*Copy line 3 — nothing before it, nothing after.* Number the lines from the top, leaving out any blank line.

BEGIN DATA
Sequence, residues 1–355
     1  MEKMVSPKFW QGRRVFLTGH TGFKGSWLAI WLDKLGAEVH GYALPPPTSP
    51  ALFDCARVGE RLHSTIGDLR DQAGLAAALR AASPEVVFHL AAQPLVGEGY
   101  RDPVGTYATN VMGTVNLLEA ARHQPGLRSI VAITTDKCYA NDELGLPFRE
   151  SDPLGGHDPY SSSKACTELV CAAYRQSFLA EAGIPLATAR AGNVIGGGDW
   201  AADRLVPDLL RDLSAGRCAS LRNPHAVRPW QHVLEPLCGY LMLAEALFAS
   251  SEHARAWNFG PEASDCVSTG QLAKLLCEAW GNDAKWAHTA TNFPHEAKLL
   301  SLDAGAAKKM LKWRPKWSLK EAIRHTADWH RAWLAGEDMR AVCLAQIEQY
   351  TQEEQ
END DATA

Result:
    51  ALFDCARVGE RLHSTIGDLR DQAGLAAALR AASPEVVFHL AAQPLVGEGY